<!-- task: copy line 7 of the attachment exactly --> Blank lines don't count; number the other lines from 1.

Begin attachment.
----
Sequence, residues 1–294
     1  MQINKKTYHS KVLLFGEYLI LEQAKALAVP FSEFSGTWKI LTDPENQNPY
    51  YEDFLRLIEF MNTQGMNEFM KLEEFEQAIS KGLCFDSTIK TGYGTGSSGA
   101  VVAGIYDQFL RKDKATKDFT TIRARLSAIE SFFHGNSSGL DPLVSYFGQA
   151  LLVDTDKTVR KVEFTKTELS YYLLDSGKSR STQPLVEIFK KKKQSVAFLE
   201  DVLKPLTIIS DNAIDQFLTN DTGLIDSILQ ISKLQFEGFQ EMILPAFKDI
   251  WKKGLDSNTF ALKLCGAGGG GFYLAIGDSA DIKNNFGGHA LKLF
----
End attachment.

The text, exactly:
   251  WKKGLDSNTF ALKLCGAGGG GFYLAIGDSA DIKNNFGGHA LKLF